Her mood bewildered him, and, without in the least understanding why, he resented her levity. But he tried to hide it. “Of course you can,” he said lightly; “but you don’t really want to do those things, do you—especially the last, Julie?”
She stood there looking at him, and then, in a moment, the excitement died out of her voice and eyes. She dropped into a chair again. “No, Peter,” she said, “I don’t. That’s the marvel of it. I expect I shall, one of these days, do most of those things, and the last as well, but I don’t think I’ll ever want to do them again. And that’s what you’ve done to me, my dear.”
Peter was very moved. He slipped his hand out and took hers under cover of her dress. “My darling,” he whispered, “I owe you everything. You have given me all, and I won’t hold back all from you. Do you remember, Julie, that once I said I thought I loved you more than God? Well, I know now—oh yes, I believe I do know now. But I choose you, Julie.”
Her eyes shone up at him very brightly, and he could not read them altogether. But her lips whispered, and he thought he understood.
“Oh, Peter, my dearest,” she said, “thank God I have at least heard you say that. I wouldn’t have missed you saying those words for anything, Peter.”
So might the serving-girl in Pilate’s courtyard have been glad, had she been in love.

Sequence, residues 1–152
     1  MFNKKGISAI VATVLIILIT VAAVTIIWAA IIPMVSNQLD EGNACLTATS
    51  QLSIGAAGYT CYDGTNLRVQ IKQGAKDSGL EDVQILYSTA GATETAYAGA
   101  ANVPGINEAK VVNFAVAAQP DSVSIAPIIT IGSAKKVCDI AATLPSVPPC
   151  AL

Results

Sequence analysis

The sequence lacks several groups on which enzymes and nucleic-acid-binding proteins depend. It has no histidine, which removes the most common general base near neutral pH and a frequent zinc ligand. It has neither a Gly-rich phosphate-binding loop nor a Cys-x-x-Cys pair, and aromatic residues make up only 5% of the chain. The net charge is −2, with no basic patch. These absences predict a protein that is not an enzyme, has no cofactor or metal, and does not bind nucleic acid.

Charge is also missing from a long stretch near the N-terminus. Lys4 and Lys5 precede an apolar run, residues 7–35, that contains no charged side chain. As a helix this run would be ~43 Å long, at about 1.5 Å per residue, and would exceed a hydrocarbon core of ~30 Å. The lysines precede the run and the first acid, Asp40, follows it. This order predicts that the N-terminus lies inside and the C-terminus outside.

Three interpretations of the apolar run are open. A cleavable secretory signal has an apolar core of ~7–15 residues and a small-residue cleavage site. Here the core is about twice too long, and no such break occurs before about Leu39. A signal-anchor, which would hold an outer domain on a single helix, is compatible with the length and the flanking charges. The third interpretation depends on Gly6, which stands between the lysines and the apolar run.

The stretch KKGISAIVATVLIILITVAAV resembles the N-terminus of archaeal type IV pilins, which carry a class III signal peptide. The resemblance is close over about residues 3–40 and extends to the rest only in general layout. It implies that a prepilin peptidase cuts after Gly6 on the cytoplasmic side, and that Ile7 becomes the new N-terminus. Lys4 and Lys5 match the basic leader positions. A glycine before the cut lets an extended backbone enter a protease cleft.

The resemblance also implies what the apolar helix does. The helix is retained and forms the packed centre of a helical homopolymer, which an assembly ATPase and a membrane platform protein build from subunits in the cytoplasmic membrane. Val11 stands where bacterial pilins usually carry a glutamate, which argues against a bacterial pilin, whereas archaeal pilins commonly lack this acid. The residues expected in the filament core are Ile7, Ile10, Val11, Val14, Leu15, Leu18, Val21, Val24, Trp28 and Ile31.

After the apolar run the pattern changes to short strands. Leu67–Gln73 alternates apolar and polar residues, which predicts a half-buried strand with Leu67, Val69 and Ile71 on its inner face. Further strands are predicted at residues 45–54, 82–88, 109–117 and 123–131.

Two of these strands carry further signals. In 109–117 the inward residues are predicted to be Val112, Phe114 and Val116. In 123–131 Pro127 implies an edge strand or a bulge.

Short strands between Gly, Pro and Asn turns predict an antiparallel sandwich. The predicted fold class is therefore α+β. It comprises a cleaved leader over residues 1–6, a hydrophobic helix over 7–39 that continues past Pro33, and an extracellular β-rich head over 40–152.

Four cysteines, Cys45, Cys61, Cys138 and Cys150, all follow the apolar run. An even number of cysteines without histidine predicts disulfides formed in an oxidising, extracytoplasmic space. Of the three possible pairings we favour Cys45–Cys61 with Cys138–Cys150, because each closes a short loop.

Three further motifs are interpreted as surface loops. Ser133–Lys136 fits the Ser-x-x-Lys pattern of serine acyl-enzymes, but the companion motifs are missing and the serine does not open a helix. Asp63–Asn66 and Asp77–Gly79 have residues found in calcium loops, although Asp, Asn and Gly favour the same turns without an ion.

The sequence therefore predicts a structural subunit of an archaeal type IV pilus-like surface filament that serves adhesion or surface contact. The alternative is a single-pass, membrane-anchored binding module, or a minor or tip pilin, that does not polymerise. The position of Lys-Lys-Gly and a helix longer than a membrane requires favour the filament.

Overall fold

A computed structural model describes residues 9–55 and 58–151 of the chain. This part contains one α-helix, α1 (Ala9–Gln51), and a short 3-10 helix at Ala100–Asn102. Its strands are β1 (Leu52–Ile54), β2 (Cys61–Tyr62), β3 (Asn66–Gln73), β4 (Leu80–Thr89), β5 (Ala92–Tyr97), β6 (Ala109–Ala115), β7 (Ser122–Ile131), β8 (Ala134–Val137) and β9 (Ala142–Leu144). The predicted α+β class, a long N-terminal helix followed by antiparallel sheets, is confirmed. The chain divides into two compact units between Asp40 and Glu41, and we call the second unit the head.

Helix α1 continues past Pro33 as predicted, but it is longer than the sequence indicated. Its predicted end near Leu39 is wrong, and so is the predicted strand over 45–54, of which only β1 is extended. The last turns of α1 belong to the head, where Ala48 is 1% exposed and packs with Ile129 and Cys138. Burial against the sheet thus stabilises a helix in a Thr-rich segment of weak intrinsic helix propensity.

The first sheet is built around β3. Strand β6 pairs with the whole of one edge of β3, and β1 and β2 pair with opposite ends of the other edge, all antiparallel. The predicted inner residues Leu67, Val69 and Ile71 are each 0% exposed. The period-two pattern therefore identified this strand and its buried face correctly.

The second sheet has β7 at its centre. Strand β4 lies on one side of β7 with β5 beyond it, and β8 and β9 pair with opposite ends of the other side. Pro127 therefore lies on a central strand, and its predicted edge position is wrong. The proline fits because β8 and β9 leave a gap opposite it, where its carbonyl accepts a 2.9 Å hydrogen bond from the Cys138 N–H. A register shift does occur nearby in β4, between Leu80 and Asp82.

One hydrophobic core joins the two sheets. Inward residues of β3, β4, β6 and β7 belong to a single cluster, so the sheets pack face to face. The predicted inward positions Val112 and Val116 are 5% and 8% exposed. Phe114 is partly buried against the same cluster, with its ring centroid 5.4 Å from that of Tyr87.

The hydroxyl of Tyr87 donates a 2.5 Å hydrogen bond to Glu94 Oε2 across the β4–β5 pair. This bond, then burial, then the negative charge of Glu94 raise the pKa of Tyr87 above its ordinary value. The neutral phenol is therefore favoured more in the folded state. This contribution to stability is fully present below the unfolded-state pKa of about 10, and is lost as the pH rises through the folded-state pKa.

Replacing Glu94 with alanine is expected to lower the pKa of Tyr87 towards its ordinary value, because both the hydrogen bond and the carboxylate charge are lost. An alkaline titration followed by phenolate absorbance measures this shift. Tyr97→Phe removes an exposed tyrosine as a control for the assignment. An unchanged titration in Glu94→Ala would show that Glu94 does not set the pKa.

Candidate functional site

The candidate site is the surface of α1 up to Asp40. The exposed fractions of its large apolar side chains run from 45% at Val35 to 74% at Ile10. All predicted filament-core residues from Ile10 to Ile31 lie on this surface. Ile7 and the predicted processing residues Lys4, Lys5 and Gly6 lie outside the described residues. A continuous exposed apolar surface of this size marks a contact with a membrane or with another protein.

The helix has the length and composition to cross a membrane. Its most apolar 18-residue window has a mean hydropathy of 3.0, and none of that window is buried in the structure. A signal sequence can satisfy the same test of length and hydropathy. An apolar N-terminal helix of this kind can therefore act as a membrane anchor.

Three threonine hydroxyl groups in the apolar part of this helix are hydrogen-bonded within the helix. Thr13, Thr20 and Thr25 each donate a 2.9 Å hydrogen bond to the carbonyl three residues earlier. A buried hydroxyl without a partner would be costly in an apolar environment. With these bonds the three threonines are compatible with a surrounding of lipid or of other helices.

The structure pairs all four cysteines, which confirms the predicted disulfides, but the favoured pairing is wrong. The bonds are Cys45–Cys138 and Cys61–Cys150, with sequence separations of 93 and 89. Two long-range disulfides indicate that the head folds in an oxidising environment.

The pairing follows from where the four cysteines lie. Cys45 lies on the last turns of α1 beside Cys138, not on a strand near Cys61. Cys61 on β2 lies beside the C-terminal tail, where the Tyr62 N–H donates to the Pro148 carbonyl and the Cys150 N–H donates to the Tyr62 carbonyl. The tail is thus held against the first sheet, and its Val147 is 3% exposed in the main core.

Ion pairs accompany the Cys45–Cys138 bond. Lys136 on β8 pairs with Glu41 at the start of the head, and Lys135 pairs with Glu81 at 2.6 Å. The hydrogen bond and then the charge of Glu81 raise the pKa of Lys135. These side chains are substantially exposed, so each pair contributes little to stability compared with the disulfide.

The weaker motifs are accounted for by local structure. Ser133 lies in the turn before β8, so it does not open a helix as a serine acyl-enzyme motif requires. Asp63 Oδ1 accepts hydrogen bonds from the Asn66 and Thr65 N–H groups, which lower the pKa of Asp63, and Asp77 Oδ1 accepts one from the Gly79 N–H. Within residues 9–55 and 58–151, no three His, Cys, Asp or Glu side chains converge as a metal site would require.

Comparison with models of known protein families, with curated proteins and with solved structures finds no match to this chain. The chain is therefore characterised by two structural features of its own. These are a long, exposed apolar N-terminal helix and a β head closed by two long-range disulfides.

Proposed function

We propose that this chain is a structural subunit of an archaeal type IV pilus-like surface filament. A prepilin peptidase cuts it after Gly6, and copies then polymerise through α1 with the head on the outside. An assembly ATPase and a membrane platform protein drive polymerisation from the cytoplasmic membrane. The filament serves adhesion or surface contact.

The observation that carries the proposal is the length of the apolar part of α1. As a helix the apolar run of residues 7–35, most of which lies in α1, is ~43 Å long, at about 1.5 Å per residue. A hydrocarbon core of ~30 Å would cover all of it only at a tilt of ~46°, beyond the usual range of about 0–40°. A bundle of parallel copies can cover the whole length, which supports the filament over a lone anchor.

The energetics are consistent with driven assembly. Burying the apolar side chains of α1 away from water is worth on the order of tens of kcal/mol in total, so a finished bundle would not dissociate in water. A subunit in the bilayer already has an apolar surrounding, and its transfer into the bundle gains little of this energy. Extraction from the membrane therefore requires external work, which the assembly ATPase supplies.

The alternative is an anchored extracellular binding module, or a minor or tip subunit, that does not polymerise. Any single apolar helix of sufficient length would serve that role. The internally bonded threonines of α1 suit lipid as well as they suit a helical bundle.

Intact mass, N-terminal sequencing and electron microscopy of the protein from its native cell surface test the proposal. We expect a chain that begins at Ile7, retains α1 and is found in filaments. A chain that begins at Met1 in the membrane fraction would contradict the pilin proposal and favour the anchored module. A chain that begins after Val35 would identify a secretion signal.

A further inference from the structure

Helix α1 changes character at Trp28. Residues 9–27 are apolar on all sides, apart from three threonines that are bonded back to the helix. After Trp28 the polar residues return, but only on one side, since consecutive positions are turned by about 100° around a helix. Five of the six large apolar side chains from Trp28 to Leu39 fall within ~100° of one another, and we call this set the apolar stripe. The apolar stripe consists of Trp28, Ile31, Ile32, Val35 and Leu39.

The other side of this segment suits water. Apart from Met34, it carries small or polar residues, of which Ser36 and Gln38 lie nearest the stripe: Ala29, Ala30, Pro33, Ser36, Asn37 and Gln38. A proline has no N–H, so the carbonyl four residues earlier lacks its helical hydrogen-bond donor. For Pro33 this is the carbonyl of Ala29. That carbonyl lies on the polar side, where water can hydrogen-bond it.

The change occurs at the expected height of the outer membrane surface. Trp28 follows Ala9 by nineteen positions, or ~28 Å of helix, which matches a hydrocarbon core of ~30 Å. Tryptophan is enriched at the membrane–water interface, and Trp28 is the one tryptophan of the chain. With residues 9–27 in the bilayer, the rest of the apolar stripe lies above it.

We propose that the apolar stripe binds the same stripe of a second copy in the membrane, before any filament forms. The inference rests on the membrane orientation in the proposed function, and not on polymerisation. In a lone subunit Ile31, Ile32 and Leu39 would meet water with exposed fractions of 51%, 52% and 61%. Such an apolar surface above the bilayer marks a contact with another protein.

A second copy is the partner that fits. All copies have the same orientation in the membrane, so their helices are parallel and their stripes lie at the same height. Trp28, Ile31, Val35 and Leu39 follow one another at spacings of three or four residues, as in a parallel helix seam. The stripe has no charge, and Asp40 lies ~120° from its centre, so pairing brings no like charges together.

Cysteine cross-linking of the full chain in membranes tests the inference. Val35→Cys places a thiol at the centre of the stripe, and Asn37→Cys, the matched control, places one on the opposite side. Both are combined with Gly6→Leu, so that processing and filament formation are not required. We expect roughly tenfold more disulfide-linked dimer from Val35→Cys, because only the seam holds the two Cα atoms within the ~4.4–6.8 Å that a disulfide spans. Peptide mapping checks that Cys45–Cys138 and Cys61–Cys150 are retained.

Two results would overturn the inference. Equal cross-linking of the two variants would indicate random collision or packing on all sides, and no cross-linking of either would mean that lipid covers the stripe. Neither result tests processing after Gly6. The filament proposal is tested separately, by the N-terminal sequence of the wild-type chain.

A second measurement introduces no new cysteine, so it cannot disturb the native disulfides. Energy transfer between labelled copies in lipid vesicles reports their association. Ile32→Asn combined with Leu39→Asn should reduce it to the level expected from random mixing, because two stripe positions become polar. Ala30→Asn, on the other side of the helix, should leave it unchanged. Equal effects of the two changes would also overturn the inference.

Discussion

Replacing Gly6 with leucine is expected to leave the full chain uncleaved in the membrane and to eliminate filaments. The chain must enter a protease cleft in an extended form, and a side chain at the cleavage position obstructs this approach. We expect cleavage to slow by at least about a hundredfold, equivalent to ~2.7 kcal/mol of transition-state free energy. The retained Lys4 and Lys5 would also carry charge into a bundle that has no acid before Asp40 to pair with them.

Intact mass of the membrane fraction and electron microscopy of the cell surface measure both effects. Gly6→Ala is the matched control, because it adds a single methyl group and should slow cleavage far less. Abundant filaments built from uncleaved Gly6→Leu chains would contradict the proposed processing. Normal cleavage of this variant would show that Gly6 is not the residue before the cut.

Part at least of Julie’s programme was fulfilled to the letter, for they lay long in bed talking—desultory, reminiscent talk, which sent Peter’s mind back over the months and the last few days, even after Julie was asleep in the bed next his. Like a pageant, he passed, in review scene after scene, turning it over, and wondering at significances that he had not before, imagined. He recalled their first meeting, that instantaneous attraction, and he asked himself what had caused it. Her spontaneity, freshness, and utter lack of conventionality, he supposed, but that did not seem to explain all. He wondered at the change that had even then come about in himself that he should have been so entranced by her, He went over his early hopes and fears; he thought again of conversations with Langton; and he realised afresh how true it was that the old authorities had dwindled away; that no allegiance had been left; that his had been a citadel without a master. And then Julie moved through his days again—Julie at Caudebec, daring, iconoclastic, free; Julie at Abbeville, mysterious, passionate, dominant; Julie at Dieppe—ah, Julie at Dieppe! He marvelled that he had held out so long after Dieppe, and then Louise rose before him. He understood Louise less than Julie, perhaps, and with all the threads in his hand he failed to see the pattern. He turned over restlessly. It was easy to see how they had come to be in London; it would have been more remarkable if they had not so come together; but now, what now? He could